Egypt’s parliament approved an amendment on Thursday to a law that would ban members of ousted president Hosni Mubarak’s regime from standing for public office.
The legislation will ban a move which could derail former Vice President Omar Suleiman’s attempt to become head of state.
But the measure however would need to be approved by Egypt’s ruling military and in a signal of the military council’s likely response, a minister in the army-appointed cabinet called the new law “a deviation” that targeted one or two people.
The military generals have yet to speak publicly on the issue, but they are not likely to ratify or reject the bill before the election commission issues a final list of presidential candidates, which is expected later this month.
Decisions of the election commission cannot be appealed.
The amendment to the political activity law “bars any president, vice president, prime minister or leader or (senior member) of the now-dissolved National Democratic Party from exercising political rights for 10 years,” the MPs said in a parliamentary session aired live on television
The legislation would also block the candidacy of anyone who served as a prime minister in the decade prior to Mubarak’s removal from power. That would also rule out Ahmed Shafiq, who is also running.
However, it did not cover former ministers, meaning it would not affect leading liberal contender Amr Moussa, Mubarak’s foreign minister for a decade until 2001.
Registration for Egypt’s top job closed on Sunday, amid last minute twists and turns that have shaken the political race.
Head of the Egyptian Complains and Proposals Committee, Talaat Marzouk, told Al Arabiya earlier this week that the new article will be added to a decree-law issued by the ruling Supreme Council of the Armed Forces last year.
The addition, Marzouk said, would clearly ban Suleiman, Shafiq and other senior figures of the former regime from occupying senior public posts for 10 years.
“The Article we have agreed to add to the existing law states: Anyone who worked during the five years preceding the resignation of former president on Feb.11, 2011 in any leadership job in the institution of the presidency or of the government or was a member of the People’s Assembly or of the Shura Council representing the dissolved National Party or was appointed in any of those by the resigned president cannot be admitted to run for president of the republic or work as a vice president or prime minister or a minister for a period of 10 years starting from the date of former president’s resignation,” Marzouk told Al Arabiya.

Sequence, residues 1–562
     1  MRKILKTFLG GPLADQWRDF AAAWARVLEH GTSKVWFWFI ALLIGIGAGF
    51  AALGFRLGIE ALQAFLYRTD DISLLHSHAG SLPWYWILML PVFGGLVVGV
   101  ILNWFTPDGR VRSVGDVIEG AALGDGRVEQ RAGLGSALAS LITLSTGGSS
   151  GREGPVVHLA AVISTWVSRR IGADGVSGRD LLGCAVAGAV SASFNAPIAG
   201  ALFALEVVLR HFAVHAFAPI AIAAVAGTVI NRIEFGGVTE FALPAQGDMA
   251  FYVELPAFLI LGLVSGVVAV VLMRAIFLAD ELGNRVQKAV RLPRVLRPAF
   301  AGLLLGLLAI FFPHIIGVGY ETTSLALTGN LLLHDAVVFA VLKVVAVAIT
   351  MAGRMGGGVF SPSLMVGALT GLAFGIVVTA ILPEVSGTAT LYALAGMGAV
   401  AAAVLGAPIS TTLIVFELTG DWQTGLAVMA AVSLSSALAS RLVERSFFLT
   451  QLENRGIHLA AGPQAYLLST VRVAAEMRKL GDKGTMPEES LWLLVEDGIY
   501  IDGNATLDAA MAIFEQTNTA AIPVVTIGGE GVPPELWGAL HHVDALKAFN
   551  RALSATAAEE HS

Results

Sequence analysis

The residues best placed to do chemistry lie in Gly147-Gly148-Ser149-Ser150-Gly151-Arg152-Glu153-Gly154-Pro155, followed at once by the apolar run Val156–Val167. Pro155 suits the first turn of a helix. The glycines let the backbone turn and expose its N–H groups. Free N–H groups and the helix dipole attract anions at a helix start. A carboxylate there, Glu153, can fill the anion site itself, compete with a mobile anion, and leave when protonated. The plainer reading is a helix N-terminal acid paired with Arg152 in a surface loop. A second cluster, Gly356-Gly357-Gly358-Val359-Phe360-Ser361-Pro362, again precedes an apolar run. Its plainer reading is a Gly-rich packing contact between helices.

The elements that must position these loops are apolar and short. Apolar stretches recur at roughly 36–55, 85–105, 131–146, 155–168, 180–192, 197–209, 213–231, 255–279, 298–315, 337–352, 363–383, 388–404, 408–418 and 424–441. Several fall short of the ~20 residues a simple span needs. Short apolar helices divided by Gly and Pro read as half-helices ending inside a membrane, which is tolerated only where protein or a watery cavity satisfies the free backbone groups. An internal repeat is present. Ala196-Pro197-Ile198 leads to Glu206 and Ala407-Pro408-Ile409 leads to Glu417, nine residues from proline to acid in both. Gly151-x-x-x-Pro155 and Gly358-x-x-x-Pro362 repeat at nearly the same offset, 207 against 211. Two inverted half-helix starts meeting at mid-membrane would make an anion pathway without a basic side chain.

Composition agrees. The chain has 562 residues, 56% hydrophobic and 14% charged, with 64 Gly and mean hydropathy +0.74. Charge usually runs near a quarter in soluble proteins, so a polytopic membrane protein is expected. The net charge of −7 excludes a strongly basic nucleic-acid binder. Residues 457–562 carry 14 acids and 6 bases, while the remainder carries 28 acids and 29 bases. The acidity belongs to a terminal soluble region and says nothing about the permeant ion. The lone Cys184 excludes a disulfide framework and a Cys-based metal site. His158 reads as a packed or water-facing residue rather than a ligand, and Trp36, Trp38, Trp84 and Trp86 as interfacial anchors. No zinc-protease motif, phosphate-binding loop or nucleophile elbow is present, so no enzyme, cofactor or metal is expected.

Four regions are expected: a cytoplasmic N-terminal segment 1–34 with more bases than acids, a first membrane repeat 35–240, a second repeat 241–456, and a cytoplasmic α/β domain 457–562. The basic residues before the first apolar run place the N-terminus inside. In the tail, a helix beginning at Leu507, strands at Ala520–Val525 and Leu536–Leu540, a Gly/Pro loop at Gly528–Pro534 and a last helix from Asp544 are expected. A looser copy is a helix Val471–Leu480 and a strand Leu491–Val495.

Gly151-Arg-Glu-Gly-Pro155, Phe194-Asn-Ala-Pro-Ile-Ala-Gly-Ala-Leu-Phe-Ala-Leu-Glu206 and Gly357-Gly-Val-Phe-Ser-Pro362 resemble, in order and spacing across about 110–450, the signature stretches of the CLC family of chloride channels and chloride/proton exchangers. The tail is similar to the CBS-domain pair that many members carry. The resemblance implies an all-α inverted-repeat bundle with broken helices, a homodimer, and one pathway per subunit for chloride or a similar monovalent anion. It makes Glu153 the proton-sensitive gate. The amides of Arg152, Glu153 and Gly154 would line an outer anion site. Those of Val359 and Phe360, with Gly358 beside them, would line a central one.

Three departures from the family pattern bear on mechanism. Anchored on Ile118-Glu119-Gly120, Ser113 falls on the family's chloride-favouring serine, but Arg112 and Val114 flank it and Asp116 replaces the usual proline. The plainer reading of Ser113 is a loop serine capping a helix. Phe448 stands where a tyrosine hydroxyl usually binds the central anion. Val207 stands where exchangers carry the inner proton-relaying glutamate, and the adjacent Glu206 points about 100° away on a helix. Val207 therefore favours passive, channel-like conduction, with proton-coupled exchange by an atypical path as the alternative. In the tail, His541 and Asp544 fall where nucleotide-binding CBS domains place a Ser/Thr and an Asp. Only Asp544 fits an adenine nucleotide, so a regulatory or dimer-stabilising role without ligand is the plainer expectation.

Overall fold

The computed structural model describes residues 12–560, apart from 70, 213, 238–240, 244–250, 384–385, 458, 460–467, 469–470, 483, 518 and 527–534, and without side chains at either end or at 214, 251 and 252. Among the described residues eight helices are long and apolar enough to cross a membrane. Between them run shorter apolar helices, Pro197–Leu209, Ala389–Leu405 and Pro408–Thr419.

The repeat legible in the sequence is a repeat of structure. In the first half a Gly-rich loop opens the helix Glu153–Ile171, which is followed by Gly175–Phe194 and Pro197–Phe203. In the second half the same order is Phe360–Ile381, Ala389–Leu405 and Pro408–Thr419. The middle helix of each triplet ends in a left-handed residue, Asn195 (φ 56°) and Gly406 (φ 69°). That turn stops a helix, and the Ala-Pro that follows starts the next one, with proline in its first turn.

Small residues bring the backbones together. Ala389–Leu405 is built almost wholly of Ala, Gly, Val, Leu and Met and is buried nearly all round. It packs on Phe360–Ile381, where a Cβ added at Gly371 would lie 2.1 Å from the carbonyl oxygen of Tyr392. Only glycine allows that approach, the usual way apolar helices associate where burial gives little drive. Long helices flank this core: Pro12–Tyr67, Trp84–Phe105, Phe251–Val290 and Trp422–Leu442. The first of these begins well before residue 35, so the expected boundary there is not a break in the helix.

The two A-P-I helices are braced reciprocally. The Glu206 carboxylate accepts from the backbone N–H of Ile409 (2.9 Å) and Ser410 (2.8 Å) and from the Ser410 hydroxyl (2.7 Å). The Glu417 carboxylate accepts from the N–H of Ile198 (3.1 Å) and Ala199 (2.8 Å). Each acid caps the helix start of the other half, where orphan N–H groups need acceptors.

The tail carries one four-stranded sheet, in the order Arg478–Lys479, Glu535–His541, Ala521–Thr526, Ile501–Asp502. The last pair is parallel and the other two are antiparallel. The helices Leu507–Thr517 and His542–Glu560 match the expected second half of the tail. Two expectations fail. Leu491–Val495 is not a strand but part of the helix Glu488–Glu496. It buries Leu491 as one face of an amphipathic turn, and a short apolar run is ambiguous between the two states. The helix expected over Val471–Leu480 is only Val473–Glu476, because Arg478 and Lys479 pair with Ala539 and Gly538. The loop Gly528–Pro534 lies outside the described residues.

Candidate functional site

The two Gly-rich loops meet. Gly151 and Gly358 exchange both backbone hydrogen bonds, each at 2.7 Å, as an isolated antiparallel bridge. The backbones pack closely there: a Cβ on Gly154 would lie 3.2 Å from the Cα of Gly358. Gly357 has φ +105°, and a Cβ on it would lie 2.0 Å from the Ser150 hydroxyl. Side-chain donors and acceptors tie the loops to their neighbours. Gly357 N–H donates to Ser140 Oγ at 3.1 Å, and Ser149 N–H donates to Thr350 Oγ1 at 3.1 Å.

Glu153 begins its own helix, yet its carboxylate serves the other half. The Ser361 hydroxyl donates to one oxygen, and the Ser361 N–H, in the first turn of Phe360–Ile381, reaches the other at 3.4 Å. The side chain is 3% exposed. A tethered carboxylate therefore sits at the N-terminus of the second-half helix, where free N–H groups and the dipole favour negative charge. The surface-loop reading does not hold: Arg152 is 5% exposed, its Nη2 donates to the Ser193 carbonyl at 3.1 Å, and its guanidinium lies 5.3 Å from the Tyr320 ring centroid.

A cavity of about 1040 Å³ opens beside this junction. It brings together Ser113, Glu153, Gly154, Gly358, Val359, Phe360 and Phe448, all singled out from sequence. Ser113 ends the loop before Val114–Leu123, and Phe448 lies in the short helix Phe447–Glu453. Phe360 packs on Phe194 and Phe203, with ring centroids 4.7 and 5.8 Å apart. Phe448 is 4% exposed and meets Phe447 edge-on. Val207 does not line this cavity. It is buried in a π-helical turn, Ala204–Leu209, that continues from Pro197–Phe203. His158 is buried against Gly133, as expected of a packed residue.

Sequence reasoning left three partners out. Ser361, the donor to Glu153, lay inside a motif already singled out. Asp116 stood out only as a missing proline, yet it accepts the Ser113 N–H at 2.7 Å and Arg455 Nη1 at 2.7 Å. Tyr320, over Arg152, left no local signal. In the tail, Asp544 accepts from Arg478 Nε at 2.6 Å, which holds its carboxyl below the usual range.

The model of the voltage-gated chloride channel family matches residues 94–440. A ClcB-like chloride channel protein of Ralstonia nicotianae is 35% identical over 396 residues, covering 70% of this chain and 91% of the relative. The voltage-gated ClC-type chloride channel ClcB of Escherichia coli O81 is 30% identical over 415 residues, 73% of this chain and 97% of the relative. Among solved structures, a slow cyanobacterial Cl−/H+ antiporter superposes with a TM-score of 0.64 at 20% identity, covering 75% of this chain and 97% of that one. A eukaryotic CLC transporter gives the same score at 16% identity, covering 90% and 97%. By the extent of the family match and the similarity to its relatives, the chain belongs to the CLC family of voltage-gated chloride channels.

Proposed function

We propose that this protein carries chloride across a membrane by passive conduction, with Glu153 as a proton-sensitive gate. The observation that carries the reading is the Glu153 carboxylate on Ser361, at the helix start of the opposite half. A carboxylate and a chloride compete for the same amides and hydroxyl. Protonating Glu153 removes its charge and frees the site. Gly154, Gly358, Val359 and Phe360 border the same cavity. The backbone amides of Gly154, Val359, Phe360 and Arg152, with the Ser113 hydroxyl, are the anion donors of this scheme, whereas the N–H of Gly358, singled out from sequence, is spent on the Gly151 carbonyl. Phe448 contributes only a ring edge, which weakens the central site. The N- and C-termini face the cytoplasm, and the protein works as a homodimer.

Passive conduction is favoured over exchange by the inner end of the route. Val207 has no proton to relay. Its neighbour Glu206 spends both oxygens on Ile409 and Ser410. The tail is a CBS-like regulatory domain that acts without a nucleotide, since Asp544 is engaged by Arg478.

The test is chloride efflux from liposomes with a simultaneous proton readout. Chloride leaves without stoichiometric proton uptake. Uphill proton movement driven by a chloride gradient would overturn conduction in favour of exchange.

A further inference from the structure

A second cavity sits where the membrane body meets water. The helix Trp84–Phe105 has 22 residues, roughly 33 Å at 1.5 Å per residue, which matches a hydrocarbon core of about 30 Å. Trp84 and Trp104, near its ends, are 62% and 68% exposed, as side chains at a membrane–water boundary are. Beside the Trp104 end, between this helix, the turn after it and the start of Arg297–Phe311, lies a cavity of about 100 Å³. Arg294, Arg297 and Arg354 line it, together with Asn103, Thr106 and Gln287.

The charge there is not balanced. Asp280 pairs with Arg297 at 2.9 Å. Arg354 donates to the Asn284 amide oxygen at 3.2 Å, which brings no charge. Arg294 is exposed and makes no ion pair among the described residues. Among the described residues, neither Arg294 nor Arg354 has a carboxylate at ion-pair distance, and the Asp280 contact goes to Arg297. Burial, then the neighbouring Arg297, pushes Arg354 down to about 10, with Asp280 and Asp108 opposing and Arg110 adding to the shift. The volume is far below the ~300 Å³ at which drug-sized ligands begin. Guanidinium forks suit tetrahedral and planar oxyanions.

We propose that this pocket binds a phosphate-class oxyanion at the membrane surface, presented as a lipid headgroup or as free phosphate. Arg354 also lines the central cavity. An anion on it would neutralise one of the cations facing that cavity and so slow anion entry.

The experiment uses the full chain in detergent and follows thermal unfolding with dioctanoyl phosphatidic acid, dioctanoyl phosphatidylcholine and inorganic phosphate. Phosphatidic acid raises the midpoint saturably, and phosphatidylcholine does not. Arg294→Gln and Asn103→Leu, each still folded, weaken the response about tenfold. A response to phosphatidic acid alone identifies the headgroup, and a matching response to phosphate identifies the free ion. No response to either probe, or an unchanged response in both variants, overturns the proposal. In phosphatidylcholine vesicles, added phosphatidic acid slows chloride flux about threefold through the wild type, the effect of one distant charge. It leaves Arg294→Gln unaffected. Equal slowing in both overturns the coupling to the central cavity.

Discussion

The electoral commission has said 23 people have registered to run for the presidential elections. The commission will examine each applicant’s documents and announce the final list of approved candidates on April 25.
Suleiman said in comments published Thursday that he decided to run for president to prevent Islamists from turning Egypt into a “religious state,” and warned that the country would be internationally isolated if one of them won the presidency.
Omar Suleiman’s comments in a weekly newspaper interview came just hours before the Islamist-dominated parliament passed a bill that strips senior figures of the Mubarak regime of their political rights for 10 years. The bill was hurriedly put together this week in hopes of preventing Suleiman, who briefly served as Mubarak’s vice president, from running for president.
The presidential election gets under way on May 23 with two days of voting expected to be followed in June with a run-off between the top two candidates.
The field is broadly made up of Islamists, officials who served under Mubarak and independent leftists and liberals.
The legislation approved on Thursday was a direct response to the last-minute decision by Suleiman to seek the presidency, a step which both Islamists and secular-minded reformists alike see as a threat to their hopes for democratic reform.
The Muslim Brotherhood, which controls nearly half the seats in parliament, was outlawed under Mubarak.
Khairat al-Shater, the Muslim Brotherhood’s presidential candidate, has said Suleiman’s candidacy is an insult to Egyptians who rose up against Mubarak. The Brotherhood has called a protest on Friday in response.
Suleiman has said he will win support among Egyptians who he believes are angered at attempts by the Muslim Brotherhood to dominate the post-Mubarak era.
The military council has been governing with Mubarak’s presidential powers since it took control of the country. That means parliament has only limited authority, though the chamber was elected in Egypt’s most democratic election in six decades.